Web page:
In the back of the issue, in the center of a circle filled with the symbols of different gods, Kieron Gillen warns readers “Don’t call it a comeback.” With this ominous warning (and fun allusion to pop music), the highly acclaimed creative team of Gillen, artist Jamie McKelvie, and colorist Matthew Wilson have returned to their Image Comics hit about reincarnated gods as pop stars The Wicked + The Divine with issue eighteen.
To catch up the new readers (which those of you reading this probably are), The Wicked + The Divine follows the story of “The Pantheon,” a group of gods who reincarnate every ninety years. After being alive in the bodies of humans for two years, they die and await the next reincarnation. In 2013, the gods have returned and are parading around as pop stars, influencing people through the concerts they give to thousands of screaming fans. Only now there has been a rise of in-fighting between the Pantheon, adding to the looming risk of death hanging over everyone.
Picking up after the “experimental” phase of the series (which brought in different artists to explore the backstories of the different gods), this new issue begins the story arc entitled “Rising Action.” The main character of the first two story arcs, the self-professed fangirl Laura, has reincarnated as the fabled thirteenth god Persephone, upending the established order of only having twelve gods in “The Pantheon.” Seeking to protect her tenuous grasp of control on the young gods, Ananke (the “guide” of the Pantheon) leads an attack against Laura/Persephone as she gives a performance and welcomes herself into the limelight of stardom.
While all of this may seem a bit overwhelming to handle, this is actually the best issue for new readers to jump on to the series. The structure of the story, while a bit confusing and self-referential to handle at first, is fast-paced and heavy on the action. New readers can jump on board and have a fun and engaging read ahead of them, as opposed to getting lost in a myriad of pages featuring talking heads.
The issue may be heavily focused on action, but the ever-important character beats are still present in these pages. Seeing the hot-headed Baphomet beat up Baal for what he did to his “girlfriend” The Morrigan is satisfying to readers of the series, but also imparts the idea that Baphomet cares for The Morrigan. In a lesser book, this might be an overlooked element, but Gillen takes the time to insert these beats to balance out the explosive and dazzling action.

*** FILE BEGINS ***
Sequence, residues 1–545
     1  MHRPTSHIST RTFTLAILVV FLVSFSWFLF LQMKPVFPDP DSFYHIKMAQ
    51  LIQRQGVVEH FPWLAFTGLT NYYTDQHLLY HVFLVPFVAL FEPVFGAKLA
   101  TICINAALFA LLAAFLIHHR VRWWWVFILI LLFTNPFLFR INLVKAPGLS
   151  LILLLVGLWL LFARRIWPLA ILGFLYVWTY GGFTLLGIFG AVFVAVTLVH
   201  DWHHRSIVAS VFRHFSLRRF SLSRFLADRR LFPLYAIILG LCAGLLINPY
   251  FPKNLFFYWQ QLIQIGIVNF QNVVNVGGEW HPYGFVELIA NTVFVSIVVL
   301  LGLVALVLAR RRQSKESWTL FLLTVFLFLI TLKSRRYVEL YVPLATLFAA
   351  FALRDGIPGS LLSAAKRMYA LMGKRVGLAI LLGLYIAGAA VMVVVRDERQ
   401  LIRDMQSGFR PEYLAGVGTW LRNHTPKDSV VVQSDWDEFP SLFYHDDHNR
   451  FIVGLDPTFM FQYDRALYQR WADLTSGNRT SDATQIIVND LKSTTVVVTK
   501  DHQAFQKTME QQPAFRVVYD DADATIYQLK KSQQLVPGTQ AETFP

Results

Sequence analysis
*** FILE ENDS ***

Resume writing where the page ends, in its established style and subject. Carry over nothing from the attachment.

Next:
Speaking of said action, it’s a sight to behold to have the art team of McKelvie and Wilson back on the book. While the series had remained a high point in style, having these two back has elevated the book back into the stratosphere. McKelvie’s ability to render the style of the gods has always been what makes this a great read, and here he continues his work. From the Daft Punk-inspired Woden to the punk rock style of Baphomet, each god feels unique to their character. Most books rely heavily on the writer to build character through dialogue – The Wicked + The Divine has McKelvie to enhance the work Gillen does on this front.
Coupled with McKelvie is colorist Matthew Wilson, who makes the panels on the page pop with kinetic action. In an issue that is heavy action, a colorist definitely helps to enhance the motion of the characters. Wilson has worked with both Gillen and McKelvie before, and this series is the culmination of their time together. From the electric blue halls of Valhalla to the seeping blacks and greys growing from Persephone’s performance, Wilson helps the pages come alive as the reader consumes this issue.
While I highly recommend reading this series from the beginning, issue eighteen stands strong as a jumping on point for new readers looking to try out this book for the first time. “Don’t call it a comeback,” because this is a great place to begin on The Wicked + The Divine.
The Wicked + The Divine #18 is available now. Volumes 1-3, featuring the storylines “The Faust Act,” “Fandemonium,” and “Commercial Suicide” are now available in comic book stores and at most major book sellers.